Each science instrument has innovative features that allow astronomers to study a range of astronomical objects in multiple ways.
The James Webb Space Telescope’s four scientific instruments are capable of examining the universe across a range of light called infrared, which is beyond the red end of the visible light rainbow (Webb also captures a little visible red as well). Infrared wavelengths are broken down into near-, mid-, and far-infrared ranges. Each instrument has unique features that allow astronomers to study a variety of astronomical objects in different ways.
Near-Infrared Camera (NIRCam)
As Webb’s primary camera, NIRCam looks at near-infrared wavelengths (known as near-infrared because these wavelengths are near to the red end of the visible spectrum). It can detect light from the earliest galaxies in the process of formation, stars in nearby galaxies, young stars in the Milky Way, and objects from a distant region of our solar system called the Kuiper Belt. The instrument is also important to exoplanet research; its coronagraph and time-series imaging capability allow it to track the motion of exoplanets as they orbit their star.
Near-Infrared Spectrograph (NIRSpec)
NIRSpec is a multi-object, near-infrared spectrograph. A spectrograph is a device that breaks light up into its component colors for detailed analysis. NIRSpec detects near-infrared wavelengths and is capable of observing more than 100 objects simultaneously thanks to its innovative microshutter assembly. It is designed to study, among other things, star formation and the chemical composition of young, distant galaxies.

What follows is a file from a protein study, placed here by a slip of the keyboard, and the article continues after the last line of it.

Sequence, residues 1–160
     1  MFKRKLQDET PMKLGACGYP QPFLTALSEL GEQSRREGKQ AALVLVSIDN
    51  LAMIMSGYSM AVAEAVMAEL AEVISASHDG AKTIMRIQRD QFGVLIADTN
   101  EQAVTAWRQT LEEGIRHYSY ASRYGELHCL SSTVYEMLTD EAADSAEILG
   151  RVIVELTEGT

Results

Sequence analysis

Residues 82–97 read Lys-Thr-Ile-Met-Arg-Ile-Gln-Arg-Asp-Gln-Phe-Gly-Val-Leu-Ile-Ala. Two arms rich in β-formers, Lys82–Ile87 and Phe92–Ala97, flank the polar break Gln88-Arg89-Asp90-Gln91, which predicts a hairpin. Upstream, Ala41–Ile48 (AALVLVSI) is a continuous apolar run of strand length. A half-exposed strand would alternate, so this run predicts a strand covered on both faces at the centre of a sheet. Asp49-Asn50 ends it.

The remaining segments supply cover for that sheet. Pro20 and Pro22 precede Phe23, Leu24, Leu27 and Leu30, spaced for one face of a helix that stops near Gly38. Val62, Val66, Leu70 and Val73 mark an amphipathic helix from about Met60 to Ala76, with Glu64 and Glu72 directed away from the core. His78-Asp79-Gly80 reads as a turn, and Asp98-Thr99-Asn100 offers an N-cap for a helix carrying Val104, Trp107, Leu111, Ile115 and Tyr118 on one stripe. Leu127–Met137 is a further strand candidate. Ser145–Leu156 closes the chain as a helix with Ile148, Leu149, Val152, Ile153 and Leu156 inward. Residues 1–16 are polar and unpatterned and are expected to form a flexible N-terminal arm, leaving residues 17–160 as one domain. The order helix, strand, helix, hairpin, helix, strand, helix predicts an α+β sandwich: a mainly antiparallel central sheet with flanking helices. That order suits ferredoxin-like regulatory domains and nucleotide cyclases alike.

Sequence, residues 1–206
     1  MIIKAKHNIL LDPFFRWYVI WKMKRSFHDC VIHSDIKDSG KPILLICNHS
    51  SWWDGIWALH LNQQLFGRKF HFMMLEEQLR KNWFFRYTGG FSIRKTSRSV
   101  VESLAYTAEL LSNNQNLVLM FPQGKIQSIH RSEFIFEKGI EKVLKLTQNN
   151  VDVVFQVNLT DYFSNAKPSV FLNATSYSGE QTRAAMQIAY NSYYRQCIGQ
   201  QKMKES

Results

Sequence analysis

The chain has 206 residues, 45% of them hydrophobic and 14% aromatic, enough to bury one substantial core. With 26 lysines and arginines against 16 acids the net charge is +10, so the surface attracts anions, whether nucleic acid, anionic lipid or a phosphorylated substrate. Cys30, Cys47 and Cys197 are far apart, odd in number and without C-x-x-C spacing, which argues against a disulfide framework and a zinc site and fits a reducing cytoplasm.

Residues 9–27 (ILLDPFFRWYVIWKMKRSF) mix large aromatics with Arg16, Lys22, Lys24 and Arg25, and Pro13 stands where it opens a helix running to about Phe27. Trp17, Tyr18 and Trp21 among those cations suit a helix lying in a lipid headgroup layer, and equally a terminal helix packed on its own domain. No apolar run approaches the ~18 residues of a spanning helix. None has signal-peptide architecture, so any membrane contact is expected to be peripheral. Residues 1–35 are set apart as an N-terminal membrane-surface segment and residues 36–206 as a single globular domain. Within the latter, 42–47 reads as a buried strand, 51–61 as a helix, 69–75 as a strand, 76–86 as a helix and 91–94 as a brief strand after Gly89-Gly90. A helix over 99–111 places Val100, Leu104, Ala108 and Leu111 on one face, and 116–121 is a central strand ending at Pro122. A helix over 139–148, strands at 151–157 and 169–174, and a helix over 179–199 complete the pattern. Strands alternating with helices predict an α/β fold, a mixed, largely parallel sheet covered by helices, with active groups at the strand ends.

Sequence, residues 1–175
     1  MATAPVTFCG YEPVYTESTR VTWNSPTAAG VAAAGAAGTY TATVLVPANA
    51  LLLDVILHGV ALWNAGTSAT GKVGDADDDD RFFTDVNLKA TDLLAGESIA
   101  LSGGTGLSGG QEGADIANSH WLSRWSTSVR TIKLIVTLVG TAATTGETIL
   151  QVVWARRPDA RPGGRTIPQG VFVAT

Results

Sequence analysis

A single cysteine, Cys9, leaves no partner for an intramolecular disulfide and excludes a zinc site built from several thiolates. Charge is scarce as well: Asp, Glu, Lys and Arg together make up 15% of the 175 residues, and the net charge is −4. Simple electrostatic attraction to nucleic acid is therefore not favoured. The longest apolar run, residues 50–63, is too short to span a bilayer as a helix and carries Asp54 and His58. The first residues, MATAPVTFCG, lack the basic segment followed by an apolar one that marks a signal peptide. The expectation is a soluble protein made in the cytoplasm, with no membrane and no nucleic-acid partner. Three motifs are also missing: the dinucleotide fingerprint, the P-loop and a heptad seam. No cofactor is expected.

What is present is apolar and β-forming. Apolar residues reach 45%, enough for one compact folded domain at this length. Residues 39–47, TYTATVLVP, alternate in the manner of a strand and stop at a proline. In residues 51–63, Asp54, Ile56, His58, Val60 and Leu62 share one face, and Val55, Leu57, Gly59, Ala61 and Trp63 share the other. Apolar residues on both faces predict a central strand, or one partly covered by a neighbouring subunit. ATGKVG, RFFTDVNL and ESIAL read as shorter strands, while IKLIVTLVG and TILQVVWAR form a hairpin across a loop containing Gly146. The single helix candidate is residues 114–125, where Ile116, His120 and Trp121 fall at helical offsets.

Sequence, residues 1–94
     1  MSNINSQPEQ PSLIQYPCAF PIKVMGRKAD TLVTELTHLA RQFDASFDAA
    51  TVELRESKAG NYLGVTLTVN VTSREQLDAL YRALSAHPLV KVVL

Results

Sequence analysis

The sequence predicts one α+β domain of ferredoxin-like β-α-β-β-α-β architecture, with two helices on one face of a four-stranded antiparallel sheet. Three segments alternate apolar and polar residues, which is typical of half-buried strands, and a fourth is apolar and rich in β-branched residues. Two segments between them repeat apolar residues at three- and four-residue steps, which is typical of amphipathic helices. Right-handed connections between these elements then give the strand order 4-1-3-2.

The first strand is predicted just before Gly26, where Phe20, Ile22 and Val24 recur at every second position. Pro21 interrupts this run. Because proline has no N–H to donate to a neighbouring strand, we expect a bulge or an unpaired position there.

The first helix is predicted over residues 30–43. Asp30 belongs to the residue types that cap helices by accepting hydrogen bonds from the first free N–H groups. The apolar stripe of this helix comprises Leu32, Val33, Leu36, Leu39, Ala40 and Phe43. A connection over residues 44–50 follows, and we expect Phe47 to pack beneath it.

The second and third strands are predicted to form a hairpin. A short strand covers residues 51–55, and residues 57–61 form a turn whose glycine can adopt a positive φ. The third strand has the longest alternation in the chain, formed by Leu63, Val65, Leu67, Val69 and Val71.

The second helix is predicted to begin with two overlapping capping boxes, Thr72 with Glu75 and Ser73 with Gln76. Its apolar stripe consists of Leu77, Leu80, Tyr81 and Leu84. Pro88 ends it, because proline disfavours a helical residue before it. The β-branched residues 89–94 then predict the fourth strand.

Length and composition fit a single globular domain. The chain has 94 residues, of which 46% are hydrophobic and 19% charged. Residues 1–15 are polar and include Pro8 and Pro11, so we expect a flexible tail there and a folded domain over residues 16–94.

Mid-Infrared Instrument (MIRI)
MIRI has a sensitive camera and a spectrograph to study distant stellar populations, the physics of newly forming stars, and the sizes of faintly-visible comets and Kuiper Belt objects. MIRI is also equipped with a coronagraph, which blocks the glare of a bright object to allow clear observations of faint objects close to it, like exoplanets orbiting a star.
Fine Guidance Sensors/Near-Infrared Imager and Slitless Spectrograph (FGS/NIRISS)
FGS is Webb’s guide camera, which helps point the telescope. NIRISS gathers spectra (like NIRSpec), and capture images of the universe at near-infrared wavelengths (like NIRCam), observing both extremely bright and faint objects. NIRISS will be particularly useful for studying the composition of exoplanet atmospheres, among other research. FGS and NIRISS have different purposes but are packaged in one unit.